Me: Music is a central theme in this book. Why did you incorporate music the way you did?
Alison: I’m an opera fan, and I deliberately set the story in 1643 because opera was really getting established in Venice then. And Monteverdi, who is a character in the story, as well as a historical figure, was composing operas and choir music for the choir in San Marco’s Basilica, which also is featured in the story. What I love about music from this time is that it is all about the human voice. We’ve lost touch with that, I think. The music of Salamone Rossi, the Jewish composer, also appears briefly in the book. I wanted to do more with him. I may write a prequel so that I can write more about him and his music.
Me: Is music, specifically opera, the only reason you targeted the year 1643?
Alison: Not the only reason, no. I also set the story in 1643 because it was ten years after the Black Plague, and Venice was still recovering, and because gentlemen walked around with swords on their hips. There were lots of sword fights. I have two in my book, which I researched carefully. I even took three months of fencing lessons!
Me: Okay, your cool factor, which I already rated a solid 10, just shot off the scale. Fencing lessons?!
Alison: Yes! The fencing started like this. I went to the conference for the Historical Novel Society in 2013, which took place in St. Petersburg, Florida. A historical writer named David Blixt, who is also an actor and a fine specimen of gladiatorial humanity, taught a class on stage combat. I was instantly in love. With the fencing, that is. So when I got home, I signed up for a fencing class and took it for three months (all my travel schedule would allow).  At the same time I was reading 17th to 19th century manuals on fencing, like Nicoletto Giganti’s 1606 Rapier Fencing curriculum entitled “Venetian Rapier.” It has such gems as “parry and counterattack against a cut to the head, ” and “full intent thrust above the dagger.” After I wrote the two sword fight scenes I ran them by fencers and sword fighters I know. They helped me a lot, because modern day fencing has a lot of civilized rules, but the characters in my book are quite serious about killing each other.
Me: Burial rituals are also important in your story. What’s up with that?
Alison: I was very surprised to discover that Venetians didn’t bury their dead in consecrated ground until the 19th century. They cremated them and scattered the ashes in the lagoons, or buried them under the streets. They had no room to do otherwise. The only exception to this were the Jews, who had their own cemetery on the Lido and buried their dead in the ground. As soon as I learned that, a whole new aspect of the plot just fell into place.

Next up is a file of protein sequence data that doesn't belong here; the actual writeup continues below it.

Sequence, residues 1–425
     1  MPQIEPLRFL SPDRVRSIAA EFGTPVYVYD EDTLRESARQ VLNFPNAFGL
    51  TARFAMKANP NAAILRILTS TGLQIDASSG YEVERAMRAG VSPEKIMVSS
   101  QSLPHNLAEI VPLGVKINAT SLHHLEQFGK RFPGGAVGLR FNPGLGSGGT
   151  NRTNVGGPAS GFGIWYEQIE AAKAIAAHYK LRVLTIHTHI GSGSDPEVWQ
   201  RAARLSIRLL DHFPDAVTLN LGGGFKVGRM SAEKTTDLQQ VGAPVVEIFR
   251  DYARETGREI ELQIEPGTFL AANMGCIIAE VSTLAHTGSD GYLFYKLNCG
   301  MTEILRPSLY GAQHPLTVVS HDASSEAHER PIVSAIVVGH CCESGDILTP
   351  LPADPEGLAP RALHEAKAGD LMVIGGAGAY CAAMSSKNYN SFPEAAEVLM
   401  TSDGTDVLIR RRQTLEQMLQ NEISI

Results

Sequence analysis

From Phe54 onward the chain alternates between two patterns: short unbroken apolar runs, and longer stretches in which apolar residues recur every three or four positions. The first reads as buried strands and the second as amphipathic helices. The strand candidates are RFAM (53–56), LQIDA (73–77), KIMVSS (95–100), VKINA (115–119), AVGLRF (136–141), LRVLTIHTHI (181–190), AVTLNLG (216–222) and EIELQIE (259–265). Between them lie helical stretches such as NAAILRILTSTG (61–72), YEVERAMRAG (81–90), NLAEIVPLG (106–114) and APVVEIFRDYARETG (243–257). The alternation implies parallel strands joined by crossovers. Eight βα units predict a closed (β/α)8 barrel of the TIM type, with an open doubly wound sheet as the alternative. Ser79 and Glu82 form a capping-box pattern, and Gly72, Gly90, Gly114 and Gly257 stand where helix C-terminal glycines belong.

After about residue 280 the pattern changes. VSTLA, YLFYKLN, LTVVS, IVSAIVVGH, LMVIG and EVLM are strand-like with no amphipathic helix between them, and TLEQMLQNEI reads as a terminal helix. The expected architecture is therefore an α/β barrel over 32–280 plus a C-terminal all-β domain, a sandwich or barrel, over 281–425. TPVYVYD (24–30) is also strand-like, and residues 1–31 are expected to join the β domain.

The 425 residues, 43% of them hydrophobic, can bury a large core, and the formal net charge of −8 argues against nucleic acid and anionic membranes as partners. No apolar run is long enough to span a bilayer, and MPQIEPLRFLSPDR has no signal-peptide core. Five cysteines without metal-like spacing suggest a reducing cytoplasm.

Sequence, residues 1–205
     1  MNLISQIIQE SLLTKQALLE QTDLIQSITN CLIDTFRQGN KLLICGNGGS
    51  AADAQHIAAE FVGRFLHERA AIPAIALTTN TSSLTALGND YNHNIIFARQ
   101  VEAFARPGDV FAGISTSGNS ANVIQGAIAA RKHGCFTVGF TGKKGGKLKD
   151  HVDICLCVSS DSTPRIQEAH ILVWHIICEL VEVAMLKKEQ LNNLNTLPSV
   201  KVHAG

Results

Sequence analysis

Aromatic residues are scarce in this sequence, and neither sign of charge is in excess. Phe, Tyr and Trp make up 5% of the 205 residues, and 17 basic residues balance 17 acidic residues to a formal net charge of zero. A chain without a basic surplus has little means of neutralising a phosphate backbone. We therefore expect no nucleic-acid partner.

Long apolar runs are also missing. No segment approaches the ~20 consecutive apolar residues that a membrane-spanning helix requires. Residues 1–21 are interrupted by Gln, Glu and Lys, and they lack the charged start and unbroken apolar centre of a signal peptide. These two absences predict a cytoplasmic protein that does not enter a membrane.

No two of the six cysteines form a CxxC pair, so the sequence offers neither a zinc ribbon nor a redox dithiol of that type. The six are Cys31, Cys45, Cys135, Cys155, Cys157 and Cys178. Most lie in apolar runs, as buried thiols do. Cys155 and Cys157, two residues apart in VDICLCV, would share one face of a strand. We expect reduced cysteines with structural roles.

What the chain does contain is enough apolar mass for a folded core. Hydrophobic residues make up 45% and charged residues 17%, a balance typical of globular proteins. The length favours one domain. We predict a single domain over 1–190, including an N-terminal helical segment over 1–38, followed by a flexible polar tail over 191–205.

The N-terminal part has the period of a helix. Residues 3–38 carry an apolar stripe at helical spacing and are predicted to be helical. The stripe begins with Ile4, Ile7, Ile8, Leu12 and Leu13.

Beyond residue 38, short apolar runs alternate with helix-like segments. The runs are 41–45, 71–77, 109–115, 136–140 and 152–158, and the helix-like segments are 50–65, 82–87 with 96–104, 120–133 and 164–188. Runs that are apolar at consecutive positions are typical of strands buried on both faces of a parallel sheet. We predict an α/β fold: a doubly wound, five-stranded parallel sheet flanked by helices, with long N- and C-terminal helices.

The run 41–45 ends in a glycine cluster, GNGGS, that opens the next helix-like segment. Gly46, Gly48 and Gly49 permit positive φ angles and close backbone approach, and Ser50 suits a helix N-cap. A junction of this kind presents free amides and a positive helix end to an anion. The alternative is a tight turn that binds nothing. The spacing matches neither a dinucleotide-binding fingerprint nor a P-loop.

Me: Last question. What are your favorite characteristics of your hero and heroine, and were you constricted in these in any way by the customs and mores of the 17th century?
Alison: This is a tough one. Isabella, my protagonist, wants to sing in public, is an orphan, and the aunt that is raising her is running out of money. Luckily Isabella can sing like a goddess and she knows it. I think it’s actually unusual for a teenager, even today, to be sure about something like that about themselves. So basically I had my 17th century girl modeling behavior for today’s girl: Claim your gifts. Don’t let anyone take them away from you. For her love interest, Rafaele, who is actually the second main character, the moral is “don’t let rage and resentment ruin your life.” He is a young man who quite takes his mother for granted. Then his mother is murdered and he is sorry he wasted the time he had with her being surly. I think young people today take their parents for granted. It’s true a lot of parents are completely dysfunctional, I don’t deny it, but still, what would you do if your parent was suddenly taken away from you? Would you regret the things not said? So, my message is, live fully today, appreciate your parents and anyone else who does you a kindness. You don’t know if they will be there tomorrow.
Thanks for answering my questions, Alison. Your book may be set in the distant past, but its themes are strong and relevant to young readers today.
If you have more questions for Alison, you can contact her through any one of these social media platforms.  Here’s the list:



Twitter: @alisonmcmahan



Alison’s webpage:


As always, thanks to everyone for visiting Writing in the Buff. I appreciate you spending time here, and I hope you enjoyed meeting Alison. Enjoy your Wednesday! I’ll see you next week for more of the Naked Truth.

Have a great week –


Leave a Comment

%d bloggers like this: